The location of this “hole” in the North Atlantic is in a crucial area where Gulf Stream water sinks. This sinking of warm water buries heat and carbon dioxide in the deep ocean in a massive global current that stretches all the way around the tip of Africa to the Eastern and North Pacific. This current has an influence on our climate that is just as massive as its size would indicate.
The upper image (a) shows the warming trend from 1901 to 2013 in degrees Fahrenheit per century. The authors remind us that the “hole” over Africa is likely caused by poor data. White indicates no data. The lower image (b) is a crop of the warming hole in the North Atlantic. The bold, black circular region with small circles in a grid pattern that encompasses much of the “hole” is the result of modeling overlaid on the 1901 to 2013 temperature trend map. The modeling experiment added fresh water to the North Atlantic and the grid circles indicate cooling from the model with the bold black line being the 4.3-degree Fahrenheit (2-degree Celsius) cooling boundary. Modeling and real world observation match surprisingly well.
The scale of the Gulf Stream is immense. It is the fastest ocean current on earth. It flows from the tropics to the Arctic and represents a segment of the largest ocean current system on the planet (the Thermohaline). At its peak off of Cape Hatteras, the Gulf Stream transports 150 sverdrups, or 21 cubic miles of water per day. (A sverdrup is one million cubic meters of water per day or the approximate volume of all of Earth’s rivers combined.)
The Gulf Stream flows at an average jogger’s speed of about 4.5 miles per hour; throughout its upper several hundred feet. It is about 50 to 60 miles wide and is about 2,000 to 3,000 feet deep. The total flow in the Gulf Stream is greater than all of the world’s rivers combined. All of this warm water from the tropics ends up in the North Atlantic between Newfoundland and Norway.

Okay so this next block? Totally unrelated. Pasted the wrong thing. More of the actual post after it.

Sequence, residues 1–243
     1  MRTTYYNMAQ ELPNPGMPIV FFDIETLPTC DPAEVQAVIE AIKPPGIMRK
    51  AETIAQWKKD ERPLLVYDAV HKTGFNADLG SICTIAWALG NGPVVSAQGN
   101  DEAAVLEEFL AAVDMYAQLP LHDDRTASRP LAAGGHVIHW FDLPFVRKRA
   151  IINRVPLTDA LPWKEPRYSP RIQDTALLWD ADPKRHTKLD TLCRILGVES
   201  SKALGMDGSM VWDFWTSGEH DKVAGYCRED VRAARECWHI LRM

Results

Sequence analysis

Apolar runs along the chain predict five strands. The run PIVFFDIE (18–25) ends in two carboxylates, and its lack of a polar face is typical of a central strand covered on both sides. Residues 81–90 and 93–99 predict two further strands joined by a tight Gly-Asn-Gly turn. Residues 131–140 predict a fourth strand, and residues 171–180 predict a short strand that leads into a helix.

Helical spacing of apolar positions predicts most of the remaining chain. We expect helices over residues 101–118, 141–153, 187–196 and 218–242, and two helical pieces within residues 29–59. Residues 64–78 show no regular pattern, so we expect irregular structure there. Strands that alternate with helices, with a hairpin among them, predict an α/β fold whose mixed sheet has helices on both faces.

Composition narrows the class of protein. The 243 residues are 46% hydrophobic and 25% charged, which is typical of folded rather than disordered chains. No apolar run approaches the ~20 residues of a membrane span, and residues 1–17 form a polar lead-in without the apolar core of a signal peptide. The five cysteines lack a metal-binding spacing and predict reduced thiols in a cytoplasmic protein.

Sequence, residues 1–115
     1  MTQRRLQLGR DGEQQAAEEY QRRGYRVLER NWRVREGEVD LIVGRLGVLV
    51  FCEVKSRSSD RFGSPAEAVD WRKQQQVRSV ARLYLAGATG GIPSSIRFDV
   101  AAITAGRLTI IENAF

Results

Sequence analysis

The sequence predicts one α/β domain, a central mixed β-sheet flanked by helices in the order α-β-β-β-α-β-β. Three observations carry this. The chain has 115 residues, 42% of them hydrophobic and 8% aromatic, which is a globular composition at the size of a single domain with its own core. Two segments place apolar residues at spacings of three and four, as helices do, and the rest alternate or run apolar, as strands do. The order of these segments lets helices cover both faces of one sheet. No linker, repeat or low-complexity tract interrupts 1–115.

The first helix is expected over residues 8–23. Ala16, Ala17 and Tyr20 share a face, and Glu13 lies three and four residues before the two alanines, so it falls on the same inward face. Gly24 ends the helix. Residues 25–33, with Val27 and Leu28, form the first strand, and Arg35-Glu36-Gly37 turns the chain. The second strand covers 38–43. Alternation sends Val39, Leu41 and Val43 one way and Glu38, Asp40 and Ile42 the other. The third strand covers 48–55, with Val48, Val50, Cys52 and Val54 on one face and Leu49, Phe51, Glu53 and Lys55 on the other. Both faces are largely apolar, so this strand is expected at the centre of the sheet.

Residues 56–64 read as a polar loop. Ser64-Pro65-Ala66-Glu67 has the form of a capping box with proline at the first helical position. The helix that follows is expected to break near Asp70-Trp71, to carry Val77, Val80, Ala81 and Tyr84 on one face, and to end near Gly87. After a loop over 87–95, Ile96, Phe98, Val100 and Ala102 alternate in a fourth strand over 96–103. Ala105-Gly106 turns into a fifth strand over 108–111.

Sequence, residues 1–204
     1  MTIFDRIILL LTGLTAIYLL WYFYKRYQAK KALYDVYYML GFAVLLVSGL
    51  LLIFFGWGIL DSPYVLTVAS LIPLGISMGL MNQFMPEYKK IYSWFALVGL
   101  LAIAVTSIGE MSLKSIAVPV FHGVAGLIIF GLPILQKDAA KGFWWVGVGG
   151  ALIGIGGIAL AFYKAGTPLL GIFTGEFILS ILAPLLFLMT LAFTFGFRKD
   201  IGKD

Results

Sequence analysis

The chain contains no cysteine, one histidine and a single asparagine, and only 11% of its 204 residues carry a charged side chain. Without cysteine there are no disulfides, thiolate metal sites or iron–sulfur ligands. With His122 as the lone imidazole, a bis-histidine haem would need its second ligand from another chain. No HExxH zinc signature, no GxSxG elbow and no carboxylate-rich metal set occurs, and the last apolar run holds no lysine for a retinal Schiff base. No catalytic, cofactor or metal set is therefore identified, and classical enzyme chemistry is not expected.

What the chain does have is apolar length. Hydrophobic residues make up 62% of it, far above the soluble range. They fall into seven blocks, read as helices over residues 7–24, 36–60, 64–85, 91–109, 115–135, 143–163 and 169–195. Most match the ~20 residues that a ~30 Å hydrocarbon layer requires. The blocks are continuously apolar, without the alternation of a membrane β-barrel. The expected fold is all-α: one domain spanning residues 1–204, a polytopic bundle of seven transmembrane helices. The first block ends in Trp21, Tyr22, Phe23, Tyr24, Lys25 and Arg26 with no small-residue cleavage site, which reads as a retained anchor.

The “home” in warming is caused by increasing cold melt water from Greenland where ice discharge and melt have increased 500 percent since the turn of the 21st century. What this all means is that the Gulf Stream is slowing (see here).
Global warming “hole” the key to this new research … Rhamstorf et al., Exceptional 20th century slowdown in Atlantic Ocean overturning circulation, Nature Climate Change, March 23, 2015.
Complete paper: http://www.meteo.psu.edu/holocene/public_html/Mann/articles/articles/RahmstorfEtAl_NatureCC15.pdf
Greenland ice loss increased 500 percent since the turn of the 21st century…
The 2013 IPCC report tells us that Antarctic ice loss has almost caught up with Greenland… Summary for Policy Makers, E.3 Cryosphere, page 9, third bullet. “The average rate of ice loss from the Antarctic ice sheet has likely increased from 30 [–37 to 97] Gt yr–1 over the period 1992–2001 to 147 [72 to 221] Gt yr–1 over the period 2002 to 2011.” Greenland, second bullet: “The average rate of ice loss from the Greenland ice sheet has very likely substantially increased from 34 [–6 to 74] Gt yr–1 over the period 1992 to 2001 to 215 [157 to 274] Gt yr–1 over the period 2002 to 2011.”